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Hampden, action at. When the British had taken possession of Castine, Me., a land and naval force was sent up the Penobscot River to capture or destroy the corvette John Adams, which had fled up the river to the town of Hampden. The commander of the John Adams, Capt. C. Morris, was warned of his danger, and he notified Gen. John Blake, commander of the 10th division of Massachusetts militia. The British force consisted of two sloopsof-war, a tender, a large transport, and nine launches, commanded by Commodore Barrie, and 700 soldiers, led by Lieutenant-Colonel St. John. The expedition sailed on Sept. 1, 1814, and the next morning General Gosselin took possession of Belfast, on the western shore of Penobscot Bay, at the head of 600 troops. The expedition landed some troops at Frankfort, which marched up the western side of the river. The flotilla, with the remainder, sailed on, and arrived near Hampden at five o'clock in the evening, when the troops and about eighty mariner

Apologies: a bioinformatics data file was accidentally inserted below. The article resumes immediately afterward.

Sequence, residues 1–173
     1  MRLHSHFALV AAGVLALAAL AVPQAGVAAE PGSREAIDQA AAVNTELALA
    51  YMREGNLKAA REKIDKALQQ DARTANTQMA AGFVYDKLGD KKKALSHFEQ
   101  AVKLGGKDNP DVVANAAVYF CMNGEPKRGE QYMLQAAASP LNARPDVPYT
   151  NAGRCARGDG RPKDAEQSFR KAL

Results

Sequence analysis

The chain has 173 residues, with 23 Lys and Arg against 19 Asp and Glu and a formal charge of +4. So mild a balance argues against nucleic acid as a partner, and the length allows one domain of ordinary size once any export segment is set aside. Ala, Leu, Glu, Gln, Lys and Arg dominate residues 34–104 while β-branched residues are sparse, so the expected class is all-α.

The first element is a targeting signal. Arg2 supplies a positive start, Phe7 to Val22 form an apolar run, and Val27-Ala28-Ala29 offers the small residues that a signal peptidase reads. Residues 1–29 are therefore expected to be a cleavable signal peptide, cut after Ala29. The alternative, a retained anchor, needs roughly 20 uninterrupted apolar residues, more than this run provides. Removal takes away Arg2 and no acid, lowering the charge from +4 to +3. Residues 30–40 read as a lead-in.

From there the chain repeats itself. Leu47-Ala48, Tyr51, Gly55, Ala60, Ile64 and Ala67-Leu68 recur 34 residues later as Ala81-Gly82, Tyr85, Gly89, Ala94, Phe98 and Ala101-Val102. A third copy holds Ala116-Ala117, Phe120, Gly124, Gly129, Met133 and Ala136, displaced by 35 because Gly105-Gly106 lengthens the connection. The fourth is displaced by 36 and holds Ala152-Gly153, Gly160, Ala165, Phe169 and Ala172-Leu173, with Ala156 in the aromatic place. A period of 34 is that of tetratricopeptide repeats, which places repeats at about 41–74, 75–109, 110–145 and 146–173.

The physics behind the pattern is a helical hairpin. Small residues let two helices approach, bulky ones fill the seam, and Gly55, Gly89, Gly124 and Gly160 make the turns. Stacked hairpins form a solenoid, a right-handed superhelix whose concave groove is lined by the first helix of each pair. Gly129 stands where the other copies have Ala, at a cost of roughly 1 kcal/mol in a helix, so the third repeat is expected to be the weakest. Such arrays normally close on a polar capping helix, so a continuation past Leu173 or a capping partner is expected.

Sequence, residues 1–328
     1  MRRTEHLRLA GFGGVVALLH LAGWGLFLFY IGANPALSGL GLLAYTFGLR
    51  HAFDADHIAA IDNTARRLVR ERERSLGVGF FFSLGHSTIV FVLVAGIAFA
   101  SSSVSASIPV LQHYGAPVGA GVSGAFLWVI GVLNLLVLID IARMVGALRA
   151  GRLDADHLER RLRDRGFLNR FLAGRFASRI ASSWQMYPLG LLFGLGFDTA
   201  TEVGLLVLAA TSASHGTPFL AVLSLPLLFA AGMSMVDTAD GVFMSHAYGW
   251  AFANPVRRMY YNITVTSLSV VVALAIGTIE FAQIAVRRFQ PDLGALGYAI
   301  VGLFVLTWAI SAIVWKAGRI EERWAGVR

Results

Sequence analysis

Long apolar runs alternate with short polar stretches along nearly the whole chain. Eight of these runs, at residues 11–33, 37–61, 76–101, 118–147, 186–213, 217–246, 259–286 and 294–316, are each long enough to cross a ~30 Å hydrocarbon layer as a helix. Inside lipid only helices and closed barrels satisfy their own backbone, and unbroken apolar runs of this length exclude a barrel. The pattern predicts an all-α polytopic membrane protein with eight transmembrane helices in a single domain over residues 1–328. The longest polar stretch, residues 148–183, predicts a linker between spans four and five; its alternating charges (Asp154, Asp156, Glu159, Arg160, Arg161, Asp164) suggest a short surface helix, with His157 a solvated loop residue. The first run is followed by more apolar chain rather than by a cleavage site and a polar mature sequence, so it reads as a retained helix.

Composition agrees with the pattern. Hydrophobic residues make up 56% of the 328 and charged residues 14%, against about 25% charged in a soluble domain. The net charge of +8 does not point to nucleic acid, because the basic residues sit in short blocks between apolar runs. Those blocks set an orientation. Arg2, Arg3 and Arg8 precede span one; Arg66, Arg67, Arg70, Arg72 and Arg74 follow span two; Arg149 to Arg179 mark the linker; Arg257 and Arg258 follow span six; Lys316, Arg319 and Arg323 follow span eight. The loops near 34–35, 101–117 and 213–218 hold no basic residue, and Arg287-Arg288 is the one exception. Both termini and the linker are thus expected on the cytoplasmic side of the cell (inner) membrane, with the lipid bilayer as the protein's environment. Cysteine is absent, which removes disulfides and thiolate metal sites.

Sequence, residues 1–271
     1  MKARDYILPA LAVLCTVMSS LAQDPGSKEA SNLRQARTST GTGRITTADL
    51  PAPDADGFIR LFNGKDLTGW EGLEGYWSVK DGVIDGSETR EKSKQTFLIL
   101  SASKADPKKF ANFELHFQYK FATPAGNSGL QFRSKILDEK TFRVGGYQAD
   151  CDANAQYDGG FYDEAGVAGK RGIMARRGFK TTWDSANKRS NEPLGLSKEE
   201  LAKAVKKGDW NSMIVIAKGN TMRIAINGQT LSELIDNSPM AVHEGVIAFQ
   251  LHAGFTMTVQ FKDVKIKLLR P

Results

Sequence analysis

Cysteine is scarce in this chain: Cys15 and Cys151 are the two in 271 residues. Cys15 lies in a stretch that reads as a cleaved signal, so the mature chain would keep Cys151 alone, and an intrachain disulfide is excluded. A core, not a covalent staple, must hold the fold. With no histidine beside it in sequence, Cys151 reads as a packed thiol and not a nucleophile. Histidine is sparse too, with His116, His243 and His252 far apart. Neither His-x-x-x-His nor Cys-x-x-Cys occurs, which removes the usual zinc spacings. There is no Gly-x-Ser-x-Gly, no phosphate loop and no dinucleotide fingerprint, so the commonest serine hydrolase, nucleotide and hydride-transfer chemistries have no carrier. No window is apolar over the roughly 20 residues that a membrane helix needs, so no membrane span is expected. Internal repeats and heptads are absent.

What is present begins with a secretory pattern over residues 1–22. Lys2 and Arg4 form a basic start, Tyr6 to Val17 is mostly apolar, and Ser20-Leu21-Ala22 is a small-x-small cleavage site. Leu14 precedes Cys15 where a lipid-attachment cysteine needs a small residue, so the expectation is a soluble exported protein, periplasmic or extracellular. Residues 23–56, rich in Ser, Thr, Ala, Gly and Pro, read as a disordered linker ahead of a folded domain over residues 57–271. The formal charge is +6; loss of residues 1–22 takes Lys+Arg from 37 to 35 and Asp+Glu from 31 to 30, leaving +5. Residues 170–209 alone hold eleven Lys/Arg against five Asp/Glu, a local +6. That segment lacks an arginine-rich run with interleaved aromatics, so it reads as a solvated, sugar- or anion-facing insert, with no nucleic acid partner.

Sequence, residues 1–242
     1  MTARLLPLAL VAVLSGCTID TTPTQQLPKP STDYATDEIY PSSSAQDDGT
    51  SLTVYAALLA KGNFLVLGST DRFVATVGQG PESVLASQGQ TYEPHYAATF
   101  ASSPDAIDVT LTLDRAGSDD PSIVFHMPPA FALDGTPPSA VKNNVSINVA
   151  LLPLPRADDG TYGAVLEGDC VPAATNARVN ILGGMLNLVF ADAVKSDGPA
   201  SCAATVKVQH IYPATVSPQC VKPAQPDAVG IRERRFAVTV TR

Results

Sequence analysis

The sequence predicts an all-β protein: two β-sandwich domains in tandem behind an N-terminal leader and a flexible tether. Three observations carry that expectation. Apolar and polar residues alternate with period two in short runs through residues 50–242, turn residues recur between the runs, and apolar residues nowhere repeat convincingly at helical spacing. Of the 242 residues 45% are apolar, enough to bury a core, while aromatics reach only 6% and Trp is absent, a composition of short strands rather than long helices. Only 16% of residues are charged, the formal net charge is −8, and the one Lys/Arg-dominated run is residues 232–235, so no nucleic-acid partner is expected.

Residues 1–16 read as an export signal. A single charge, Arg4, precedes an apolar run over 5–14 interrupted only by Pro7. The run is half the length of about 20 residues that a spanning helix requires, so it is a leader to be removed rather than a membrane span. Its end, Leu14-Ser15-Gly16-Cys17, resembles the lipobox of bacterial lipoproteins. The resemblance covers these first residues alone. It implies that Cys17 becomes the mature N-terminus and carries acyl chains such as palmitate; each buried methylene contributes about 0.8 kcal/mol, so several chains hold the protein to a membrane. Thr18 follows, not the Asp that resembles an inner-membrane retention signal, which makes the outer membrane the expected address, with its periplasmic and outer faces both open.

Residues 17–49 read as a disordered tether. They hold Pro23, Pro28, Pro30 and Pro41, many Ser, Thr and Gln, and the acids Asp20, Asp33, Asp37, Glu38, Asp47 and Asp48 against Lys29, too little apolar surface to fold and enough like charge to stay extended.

Morris, Charles 1784- Naval officer; born in Woodstock, Conn., July 26, 1784; entered the navy in July, 1799, and helped in the destruction of the Philadelphia at Tripoli. In the encounter between the Constitution and Guerriere he was severely wounded. In 1814, while he commanded the frigate John Adams, he took her up the Pe
825 he commanded the frigate Brandywine, which conveyed Lafayette back to Europe after his visit to this country.
He was constantly employed in the public
Commodore Morris's monument.
Charles Morris. service, afloat or ashore, and at the time of his death in Washington, Jan. 27, 1856, was chief of the bureau of ordnance and Charles Morris. service, afloat or ashore, and at the time of his death in Washington, Jan. 27, 1856, was chief of the bureau of ordnance and hydrography.
He had the supervision of the Naval Academy at Annapolis for several years.
His remains lie in the Oak Hill Cemetery in Washington, and over them is a neat white marble monument.